PARKERSBURG – A Wood County businessman's legal malpractice suit against a Parkersburg attorney has reached a conclusion.
Records show Judge J.D. Beane dismissed Jeff Corra's suit against George Cosenza on March 1 after the sides announced they agreed to a settlement. The terms of the settlement were not disclosed.
Todd Reed, Corra's attorney, said a confidentiality agreement prohibited him or anyone else from discussing the terms except to say the sides "reached an amicable resolution which allowed for the dismissal of the action." The dismissal also included Cosenza's counterclaim against Corra for $12,139.40 in alleged unpaid legal bills.
In his suit, Corra, 56, alleged Cosenza, 60, failed to adequately represent him five years ago when he was on trial for providing alcohol to minors. In September 2006, Corra was indicted on nine counts of furnishing alcoholic liquors to minors to friends of his daughter, Ashli, during a visit they made to the Corra home on Rector Road in Vienna the month before.
The indictment alleged Corra's actions contributed to the friends -– Courtney McDonough, Morgan Brown, Matthew Humphreys and Joshua Tucker –- becoming involved in a single-vehicle accident later on Rosemar Road. Though McDonough and Brown were only injured, Humphreys and Tucker died.
In January 2007, the grand jury would return a two-count indictment against Corra for involuntary manslaughter.
Though he was found guilty on four of the nine counts of furnishing, Corra successfully appealed his conviction to the state Supreme Court. The Court on Feb. 27, 2009, reversed the conviction finding that despite indicting him on furnishing alcoholic liquors, the prosecution throughout its case kept making reference to beer.
Corra maintained that he never furnished any alcohol to anyone, but only found out after the crash that McDonough, while he was outside burning brush, snuck a Coors Light beer from his refrigerator.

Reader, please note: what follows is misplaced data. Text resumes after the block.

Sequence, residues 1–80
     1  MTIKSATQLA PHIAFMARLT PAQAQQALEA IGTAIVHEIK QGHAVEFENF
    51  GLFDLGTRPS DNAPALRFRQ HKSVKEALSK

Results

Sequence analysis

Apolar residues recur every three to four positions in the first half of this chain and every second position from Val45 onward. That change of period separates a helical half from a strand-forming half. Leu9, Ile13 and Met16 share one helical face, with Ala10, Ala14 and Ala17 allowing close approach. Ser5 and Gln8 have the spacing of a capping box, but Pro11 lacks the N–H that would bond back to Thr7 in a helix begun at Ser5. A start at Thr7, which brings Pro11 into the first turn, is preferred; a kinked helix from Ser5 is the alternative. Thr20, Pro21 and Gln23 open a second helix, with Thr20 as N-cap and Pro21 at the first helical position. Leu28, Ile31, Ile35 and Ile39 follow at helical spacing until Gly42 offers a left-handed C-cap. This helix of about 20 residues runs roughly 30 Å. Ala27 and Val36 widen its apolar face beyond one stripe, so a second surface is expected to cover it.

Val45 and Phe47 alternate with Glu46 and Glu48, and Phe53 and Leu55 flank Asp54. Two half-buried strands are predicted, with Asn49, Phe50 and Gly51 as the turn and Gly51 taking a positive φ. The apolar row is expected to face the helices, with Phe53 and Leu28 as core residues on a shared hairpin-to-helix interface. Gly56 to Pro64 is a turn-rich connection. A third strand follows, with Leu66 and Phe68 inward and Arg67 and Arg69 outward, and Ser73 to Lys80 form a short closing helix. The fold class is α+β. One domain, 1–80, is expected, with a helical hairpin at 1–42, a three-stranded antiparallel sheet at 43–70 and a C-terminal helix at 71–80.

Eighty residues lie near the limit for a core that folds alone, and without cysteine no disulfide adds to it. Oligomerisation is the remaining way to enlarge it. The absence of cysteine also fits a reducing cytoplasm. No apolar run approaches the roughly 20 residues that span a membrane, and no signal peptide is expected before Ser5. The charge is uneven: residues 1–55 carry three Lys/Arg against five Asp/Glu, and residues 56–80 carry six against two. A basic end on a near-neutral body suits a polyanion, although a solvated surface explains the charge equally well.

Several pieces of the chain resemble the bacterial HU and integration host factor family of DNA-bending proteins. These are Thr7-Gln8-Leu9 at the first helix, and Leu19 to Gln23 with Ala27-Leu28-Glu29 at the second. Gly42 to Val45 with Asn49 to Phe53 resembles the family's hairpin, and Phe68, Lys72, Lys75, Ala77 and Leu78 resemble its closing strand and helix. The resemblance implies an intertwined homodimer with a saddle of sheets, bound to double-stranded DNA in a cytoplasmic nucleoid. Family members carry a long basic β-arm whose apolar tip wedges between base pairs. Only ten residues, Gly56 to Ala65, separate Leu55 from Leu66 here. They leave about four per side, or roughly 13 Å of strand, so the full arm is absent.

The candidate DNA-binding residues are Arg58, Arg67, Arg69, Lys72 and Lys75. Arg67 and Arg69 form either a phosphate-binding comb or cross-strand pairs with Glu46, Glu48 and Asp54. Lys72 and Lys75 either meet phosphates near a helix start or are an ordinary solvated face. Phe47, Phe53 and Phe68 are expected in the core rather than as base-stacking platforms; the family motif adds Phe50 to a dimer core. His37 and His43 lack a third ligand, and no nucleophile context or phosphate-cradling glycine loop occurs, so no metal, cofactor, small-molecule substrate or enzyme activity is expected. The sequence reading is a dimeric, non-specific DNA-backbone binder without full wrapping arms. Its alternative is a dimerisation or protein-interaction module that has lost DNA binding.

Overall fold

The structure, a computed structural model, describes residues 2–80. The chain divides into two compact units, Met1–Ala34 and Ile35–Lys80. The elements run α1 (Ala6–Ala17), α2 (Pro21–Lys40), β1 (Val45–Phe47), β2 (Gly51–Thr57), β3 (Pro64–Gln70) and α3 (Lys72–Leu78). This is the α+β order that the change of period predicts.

In writing the Court's unanimous opinion, Justice Menis E. Ketchum said both Cosenza, and Assistant Prosecutor Sean Francisco erred in allowing that mistake to happen. He said, "it is apparent that neither the prosecutor nor defense counsel read the statutes relating to the crime of furnishing 'alcoholic liquors' before the jury reached its verdict."
"The prosecutor" Ketchum added, "mistakenly informed a busy trial judge that beer was the same as alcoholic liquor for the purpose of proving the indictment. Likewise, it is not disputed that when the circuit court asked at the charge conference whether he should instruct the jury on the definition of alcoholic liquor, defense counsel stated that an instruction was not necessary because beer was an alcoholic liquor."
A related suit Corra has against former Wood County Prosecutor Ginny A. Conley for wrongful prosecution is still pending. Among other things, Corra alleges Conley failed to bring him to trial within three terms of the court, or one year, following the indictment on the involuntary manslaughter charges.
Records show, Conley's successor, Jason Wharton, moved to dismiss the indictment in September 2009, nine months after she left office. The suit names Francisco, who was also assigned both the involuntary manslaughter case, and Deputy Sheriff Dave Tennant, one of the investigating officers, as co-defendants.
Another investigating officer, Deputy Brent Pickens, has been dismissed from the suit. It is scheduled for trial on Tuesday, June 5 with a pre-trial hearing slated for Friday, June 1.
Wood Circuit Court case number 09-C-426